Upon completion by a corporate associate 14–16, the trading plan is transmitted from a computer 74 to the trading plan verifier 18 via the computer network 72. The trading plan verifier 18 verifies the time of adoption and definitive terms of the completed trading plan, and stores the verified plan to the trading plan archive 20, as described above. If the trading plan verifier 18 and trading plan archive 20 are maintained within the organizational entity, then the completed trading plan is preferably transmitted from a computer 74 to the trading plan verifier 18 via a secure corporate LAN 72. If the trading plan verifier 18 is maintained by a third party service provider, however, then the completed trading plan may be transmitted to the trading plan verifier over a non-secure wide area network (WAN) 72, such as the Internet.
Once a trading plan has been approved by the plan administrator 42, the approved plan is transmitted to the trading plan verifier 18 via a computer network 86. The trading plan verifier 18 verifies the approved plan and records the verified plan in the trading plan archive 20, as described above. The computer network 86 may be a secure corporate LAN if the trading plan verifier 18 is maintained within the organizational entity, or could be a non-secure WAN if the trading plan verifier 18 is maintained by a third party service provider.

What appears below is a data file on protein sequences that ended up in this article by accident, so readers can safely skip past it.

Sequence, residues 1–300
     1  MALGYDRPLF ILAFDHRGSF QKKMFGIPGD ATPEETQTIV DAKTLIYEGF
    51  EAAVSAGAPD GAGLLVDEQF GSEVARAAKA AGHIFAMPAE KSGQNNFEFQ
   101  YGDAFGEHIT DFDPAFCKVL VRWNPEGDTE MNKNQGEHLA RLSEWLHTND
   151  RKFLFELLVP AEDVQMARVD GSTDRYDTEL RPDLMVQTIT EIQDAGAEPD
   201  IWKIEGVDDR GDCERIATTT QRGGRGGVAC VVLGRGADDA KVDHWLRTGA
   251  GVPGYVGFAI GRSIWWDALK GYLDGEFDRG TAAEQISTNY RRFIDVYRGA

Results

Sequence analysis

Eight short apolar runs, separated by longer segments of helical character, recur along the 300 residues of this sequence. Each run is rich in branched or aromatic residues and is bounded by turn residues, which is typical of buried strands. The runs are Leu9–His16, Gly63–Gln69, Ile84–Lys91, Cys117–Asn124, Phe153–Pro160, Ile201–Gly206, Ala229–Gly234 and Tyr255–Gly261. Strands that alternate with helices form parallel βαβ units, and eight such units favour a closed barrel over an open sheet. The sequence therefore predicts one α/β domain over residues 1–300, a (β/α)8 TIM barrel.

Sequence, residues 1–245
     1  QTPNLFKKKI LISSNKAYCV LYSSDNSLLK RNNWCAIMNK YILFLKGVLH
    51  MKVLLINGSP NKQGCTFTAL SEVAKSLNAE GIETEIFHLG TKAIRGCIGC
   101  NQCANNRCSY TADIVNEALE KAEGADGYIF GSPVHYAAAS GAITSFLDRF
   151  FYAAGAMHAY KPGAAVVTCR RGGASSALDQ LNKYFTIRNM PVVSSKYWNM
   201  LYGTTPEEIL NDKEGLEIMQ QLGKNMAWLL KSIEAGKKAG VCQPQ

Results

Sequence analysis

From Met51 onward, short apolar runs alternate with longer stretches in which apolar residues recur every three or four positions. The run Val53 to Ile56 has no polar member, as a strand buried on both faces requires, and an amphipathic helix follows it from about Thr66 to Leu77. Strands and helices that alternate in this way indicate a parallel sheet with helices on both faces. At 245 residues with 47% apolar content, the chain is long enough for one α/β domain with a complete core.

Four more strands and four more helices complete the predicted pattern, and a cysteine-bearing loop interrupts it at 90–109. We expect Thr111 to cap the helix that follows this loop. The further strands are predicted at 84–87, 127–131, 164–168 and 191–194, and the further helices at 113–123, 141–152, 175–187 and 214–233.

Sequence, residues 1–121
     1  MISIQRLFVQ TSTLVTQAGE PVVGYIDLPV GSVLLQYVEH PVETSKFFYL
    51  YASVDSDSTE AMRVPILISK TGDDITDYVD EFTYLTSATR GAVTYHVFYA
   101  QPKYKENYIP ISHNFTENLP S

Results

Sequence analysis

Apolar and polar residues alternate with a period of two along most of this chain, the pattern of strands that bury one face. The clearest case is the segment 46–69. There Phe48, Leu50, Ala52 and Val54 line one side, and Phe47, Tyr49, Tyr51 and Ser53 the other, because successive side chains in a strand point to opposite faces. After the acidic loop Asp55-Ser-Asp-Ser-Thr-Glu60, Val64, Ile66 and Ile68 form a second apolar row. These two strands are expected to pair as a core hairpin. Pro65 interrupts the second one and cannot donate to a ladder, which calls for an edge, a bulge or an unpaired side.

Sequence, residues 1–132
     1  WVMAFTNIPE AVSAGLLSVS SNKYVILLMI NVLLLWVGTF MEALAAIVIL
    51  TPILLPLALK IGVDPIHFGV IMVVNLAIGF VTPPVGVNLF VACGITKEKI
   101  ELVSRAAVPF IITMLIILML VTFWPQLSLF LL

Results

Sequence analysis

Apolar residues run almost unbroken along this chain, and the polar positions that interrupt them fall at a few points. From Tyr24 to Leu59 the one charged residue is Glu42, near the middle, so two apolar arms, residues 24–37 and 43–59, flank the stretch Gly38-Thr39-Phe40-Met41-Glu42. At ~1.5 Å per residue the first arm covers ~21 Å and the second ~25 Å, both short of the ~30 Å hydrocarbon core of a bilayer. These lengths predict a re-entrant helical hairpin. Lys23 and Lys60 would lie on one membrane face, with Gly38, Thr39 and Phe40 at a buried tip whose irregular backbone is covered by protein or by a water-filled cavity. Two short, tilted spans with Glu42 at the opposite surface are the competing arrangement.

As illustrated in question numbers three (3) through nine (9), the trading plan template 110 should include sufficient detail of the planned stock transaction(s) to ensure compliance with the relevant federal securities laws, such as Rule 10b5-1. In addition, the illustrated trading plan template 110 confirms that the corporate associate 14–16 is not aware of any material nonpublic information at the time the plan is completed (question no. 2) and that the corporate associate has read and understood the general instructions 112 (question no. 11). The template 110 also enables the corporate associate 14–16 to view the proposed transactions on a calendar prior to submitting the completed trading plan 110 by selecting a submit icon 114.
At reference B, general instructions may, for example, be included under the heading “What a Plan Does for You,” as follows:
At reference C, general instructions may, for example, be included under the heading “How to Create a Plan,” as follows:
At reference D, general instructions may, for example, be included under the heading “When to Submit a Plan,” as follows:
At reference E, general instructions may, for example, be included under the heading “Plans Using Option Stock,” as follows:
At reference F, general instructions may, for example, be included under the heading “Purchases and Sales Outside the Plan,” as follows:
It should be understood, however, that the general instructions 112, along with the example trading plan templates 110, 120 illustrated in
This written description uses examples to disclose the invention, including the best mode, and also to enable a person skilled in the art to make and use the invention. The patentable scope of the invention may include other examples that occur to those skilled in the art.
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|U.S. Classification||705/37, 705/35|
|International Classification||G06Q40/00, G06Q40/04, G06Q40/06, G06F|
|Cooperative Classification||G06Q40/00, G06Q40/06, G06Q40/04|
|European Classification||G06Q40/06, G06Q40/00, G06Q40/04|
|10 Sep 2009||FPAY||Fee payment|
Year of fee payment: 4
|13 Dec 2010||AS||Assignment|
Owner name: MOTOROLA MOBILITY, INC, ILLINOIS
Free format text: ASSIGNMENT OF ASSIGNORS INTEREST;ASSIGNOR:MOTOROLA, INC;REEL/FRAME:025673/0558
Effective date: 20100731
|17 Sep 2013||FPAY||Fee payment|
Year of fee payment: 8